WHO Country Cooperation Strategy presents a common vision of prioritized health areas for collaboration between WHO and the Lao People’s Democratic Republic from 2012 to 2015.
This cooperation aims to strengthen the national health system to meet the needs of the Lao people and ensure access to essential health care, especially the poor and disadvantaged, and those living in rural, remote and hard-to-reach areas.
The presence, or absence, of neglected tropical diseases (NTDs) can be seen as a proxy for poverty and for the success of interventions aimed at reducing poverty. Today, coverage of the public-health interventions recommended by the World Health Organization (WHO) against NTDs may be interpreted as a proxy for universal health coverage and shared prosperity – in short, a proxy for coverage against neglect.
The World Malaria Report 2014 summarizes information received from malaria-endemic countries and other sources, and updates the analyses presented in the 2013 report.
It assesses global and regional malaria trends, highlights progress towards global targets, and describes opportunities and challenges in controlling and eliminating the disease. The report was launched in the United Kingdom Houses of Parliament on 9 December 2014.
This report, which reflects data from 133 countries, is the first report of its kind to assess national efforts to address interpersonal violence, namely child maltreatment, youth violence, intimate partner and sexual violence, and elder abuse.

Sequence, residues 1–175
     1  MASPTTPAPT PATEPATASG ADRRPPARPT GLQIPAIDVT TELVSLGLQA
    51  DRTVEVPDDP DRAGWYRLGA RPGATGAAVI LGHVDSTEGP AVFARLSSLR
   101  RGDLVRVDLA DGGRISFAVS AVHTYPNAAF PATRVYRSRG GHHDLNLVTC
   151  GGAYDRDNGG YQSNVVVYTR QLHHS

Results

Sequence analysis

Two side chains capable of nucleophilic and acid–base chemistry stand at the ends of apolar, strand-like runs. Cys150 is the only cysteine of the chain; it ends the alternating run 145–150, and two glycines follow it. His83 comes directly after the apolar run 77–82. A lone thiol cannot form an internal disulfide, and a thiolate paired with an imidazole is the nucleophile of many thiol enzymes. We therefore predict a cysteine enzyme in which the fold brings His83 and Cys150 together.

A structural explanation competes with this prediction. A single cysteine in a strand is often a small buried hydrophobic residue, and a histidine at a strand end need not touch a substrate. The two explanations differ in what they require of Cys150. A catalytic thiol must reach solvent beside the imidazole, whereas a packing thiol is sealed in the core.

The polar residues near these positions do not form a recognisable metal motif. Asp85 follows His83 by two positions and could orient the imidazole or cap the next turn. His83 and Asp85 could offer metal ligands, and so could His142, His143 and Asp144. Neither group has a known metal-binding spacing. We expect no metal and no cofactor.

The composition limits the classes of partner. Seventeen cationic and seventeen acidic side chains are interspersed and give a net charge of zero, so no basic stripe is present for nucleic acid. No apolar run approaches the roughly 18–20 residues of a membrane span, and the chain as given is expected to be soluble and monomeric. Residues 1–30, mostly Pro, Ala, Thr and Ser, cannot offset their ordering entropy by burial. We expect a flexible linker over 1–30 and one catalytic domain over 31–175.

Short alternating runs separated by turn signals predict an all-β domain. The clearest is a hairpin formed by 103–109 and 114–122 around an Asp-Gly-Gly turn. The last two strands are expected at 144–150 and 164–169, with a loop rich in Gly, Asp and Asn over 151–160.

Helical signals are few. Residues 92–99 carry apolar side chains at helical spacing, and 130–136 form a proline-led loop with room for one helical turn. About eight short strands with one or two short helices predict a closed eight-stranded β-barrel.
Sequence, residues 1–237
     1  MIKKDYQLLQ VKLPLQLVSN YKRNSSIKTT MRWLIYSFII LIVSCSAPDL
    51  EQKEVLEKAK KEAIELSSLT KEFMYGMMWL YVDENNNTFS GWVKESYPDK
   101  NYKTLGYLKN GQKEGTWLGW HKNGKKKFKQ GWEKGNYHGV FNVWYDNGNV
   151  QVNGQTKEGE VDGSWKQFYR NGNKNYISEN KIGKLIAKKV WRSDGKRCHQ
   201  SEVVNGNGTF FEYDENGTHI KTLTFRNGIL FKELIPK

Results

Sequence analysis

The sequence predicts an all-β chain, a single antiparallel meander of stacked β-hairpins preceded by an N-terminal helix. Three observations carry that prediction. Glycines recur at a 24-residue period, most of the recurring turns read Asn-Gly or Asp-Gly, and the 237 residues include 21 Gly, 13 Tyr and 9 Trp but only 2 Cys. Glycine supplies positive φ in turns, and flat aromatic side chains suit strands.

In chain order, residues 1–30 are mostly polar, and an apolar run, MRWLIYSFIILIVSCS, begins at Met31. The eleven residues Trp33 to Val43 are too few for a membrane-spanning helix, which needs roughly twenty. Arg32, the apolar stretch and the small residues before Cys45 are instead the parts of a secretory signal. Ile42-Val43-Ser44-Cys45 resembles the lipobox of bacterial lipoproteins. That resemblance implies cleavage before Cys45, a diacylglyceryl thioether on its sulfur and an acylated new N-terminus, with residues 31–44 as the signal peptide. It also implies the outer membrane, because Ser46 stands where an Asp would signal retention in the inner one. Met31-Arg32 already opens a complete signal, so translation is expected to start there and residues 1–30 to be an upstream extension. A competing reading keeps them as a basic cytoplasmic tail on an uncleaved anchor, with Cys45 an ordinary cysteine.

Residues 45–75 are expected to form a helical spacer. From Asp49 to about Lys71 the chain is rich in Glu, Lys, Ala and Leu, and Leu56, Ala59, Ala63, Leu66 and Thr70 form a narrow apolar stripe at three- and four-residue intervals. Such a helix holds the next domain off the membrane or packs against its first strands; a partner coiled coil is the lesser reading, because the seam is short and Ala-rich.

15 August 2013 -- Everyone should have access to the health services they need without being forced into poverty when paying for them. The World health report 2013 "Research for universal health coverage" argues that universal health coverage – with full access to high-quality services for prevention, treatment and financial risk protection – cannot be achieved without the evidence provided by scientific research.
The Global status report on alcohol and health 2014 presents a comprehensive perspective on the global, regional and country consumption of alcohol, patterns of drinking, health consequences and policy responses in Member States
IHR national capacities
All States Parties are required to have or to develop minimum core public health capacities to implement the IHR (2005) effective in accordance with articles 5 and 13 of the IHR (2005).
2012 marks the 50th anniversary of the work of the World Health Organization in the Lao People’s Democratic Republic which began in 1962 when a Country Liaison Office was established in the capital city of Vientiane. The anniversary also celebrates 50 years of partnership and collaboration between WHO and the Government of Lao People’s Democratic Republic.
Noncommunicable diseases (NCDs) are one of the major health and development challenges of the 21st century, in terms of both the human suffering they cause and the harm they inflict on the socioeconomic fabric of countries, particularly low- and middle-income countries.
No government can afford to ignore the rising burden of NCDs. In the absence of evidence-based actions, the human, social and economic costs of NCDs will continue to grow and overwhelm the capacity of countries to address them.